19. It is interesting that Trebbe describes the ‘offering’ to the lightning-destroyed tree — gathering stones, and arraying them around the tree — the metaphor of the stone in water. A human has cast it. This activity exists on a sliding scale, a continuum, that, yes, includes fracking. The urge for humans to alter what is around them takes on many scales and forms. And indeed, any living organism, dropped into a ‘pristine’ environment will immediately distort the energy flows that existed before its arrival. I would note that she arrives at that tree *only* because she had available hydrocarbons to burn in the vehicle that got her to the trailhead in Utah from Pennsylvania. There are no ‘solutions’ for the human species — we cannot wave a wand and make our effect on the flows around us go away. We can decide where on the continuum we happen to stand. From consuming ourselves to death to starving ourselves to death. Death will gradually remove the distortion of our own negentropic existence. Life distorts the fabric of the cosmos, period. Is this suffering? Is it the cause of suffering? Who can say? Indeed, some believe that Life came about as a phenomena to more effectively accomplish the ‘unwinding’ of the universe via entropic decline. Life definitely speeds up the process of converting more complicated energy forms into heat that dispels into deep space… At any rate, I’ve been doing works around this idea of an organism distorting the flows around it — a performance series taking place in remote locations in the desert West: “changing the course of nature” — you can listen to some evidences of this at — you are welcome to explore!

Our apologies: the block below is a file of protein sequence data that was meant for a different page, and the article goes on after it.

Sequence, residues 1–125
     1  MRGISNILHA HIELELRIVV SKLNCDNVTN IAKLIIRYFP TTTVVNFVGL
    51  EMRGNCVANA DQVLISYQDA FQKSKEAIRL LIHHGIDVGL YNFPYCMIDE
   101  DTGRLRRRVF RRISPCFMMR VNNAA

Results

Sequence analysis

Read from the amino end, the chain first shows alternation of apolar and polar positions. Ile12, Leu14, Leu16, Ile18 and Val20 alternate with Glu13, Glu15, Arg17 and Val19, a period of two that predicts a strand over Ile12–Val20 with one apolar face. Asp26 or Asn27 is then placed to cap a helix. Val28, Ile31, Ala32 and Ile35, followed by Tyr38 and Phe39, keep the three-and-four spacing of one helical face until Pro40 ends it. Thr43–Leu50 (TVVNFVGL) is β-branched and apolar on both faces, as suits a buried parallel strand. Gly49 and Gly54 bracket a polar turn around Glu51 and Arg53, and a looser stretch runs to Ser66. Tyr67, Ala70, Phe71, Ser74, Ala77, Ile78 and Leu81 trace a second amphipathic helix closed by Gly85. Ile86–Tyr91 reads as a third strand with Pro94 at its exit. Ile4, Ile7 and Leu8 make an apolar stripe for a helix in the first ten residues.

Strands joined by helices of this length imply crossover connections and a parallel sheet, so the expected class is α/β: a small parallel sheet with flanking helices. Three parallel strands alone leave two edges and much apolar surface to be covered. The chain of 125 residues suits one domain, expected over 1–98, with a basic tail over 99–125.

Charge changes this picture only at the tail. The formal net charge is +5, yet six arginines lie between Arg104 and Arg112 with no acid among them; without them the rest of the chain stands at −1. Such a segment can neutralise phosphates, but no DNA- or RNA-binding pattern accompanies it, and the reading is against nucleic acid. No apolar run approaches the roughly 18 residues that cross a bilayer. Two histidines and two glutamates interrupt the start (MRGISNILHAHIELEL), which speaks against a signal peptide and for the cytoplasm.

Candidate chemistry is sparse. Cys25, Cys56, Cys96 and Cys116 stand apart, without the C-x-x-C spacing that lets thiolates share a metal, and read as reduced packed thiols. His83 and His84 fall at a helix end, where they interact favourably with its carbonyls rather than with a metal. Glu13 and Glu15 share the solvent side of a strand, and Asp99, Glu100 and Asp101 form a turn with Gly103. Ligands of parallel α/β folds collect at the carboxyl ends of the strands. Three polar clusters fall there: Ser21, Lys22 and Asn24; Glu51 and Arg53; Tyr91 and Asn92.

20. This is a thought-provoking topic and so beautifully written. Thank you!

  21. I absolutely applaud Trebbe for such an incredible insight and sharing such a deep and very profound article and a message for all of us to contemplate on gratitude towards spaces. Mother Earth has and continues to give off of herself to us so much and completely unconditionally, not concerned with colour, creed, race, caste, religion, etc. She is teaching us so many lessons in values and ultimately at the end of our journey, she opens up her chest and gives our physical bodies a place to rest within herself, which is a profound lesson for all of us human beings to embrace in and to feel immense gratitude.

    I also loved Debra’s reference to the concept of different Times in our lives according to the Bible. I am sharing this article with my clients and coaching them on being grateful and practicing gratitiude towards open spaces and Nature as a whole.

    Thank you so much for a sensitive matter and helping us to see gratitude in a whole new light.

  22. I’m a Master Composter in New Mexico and want to congratulate you on your GREAT job!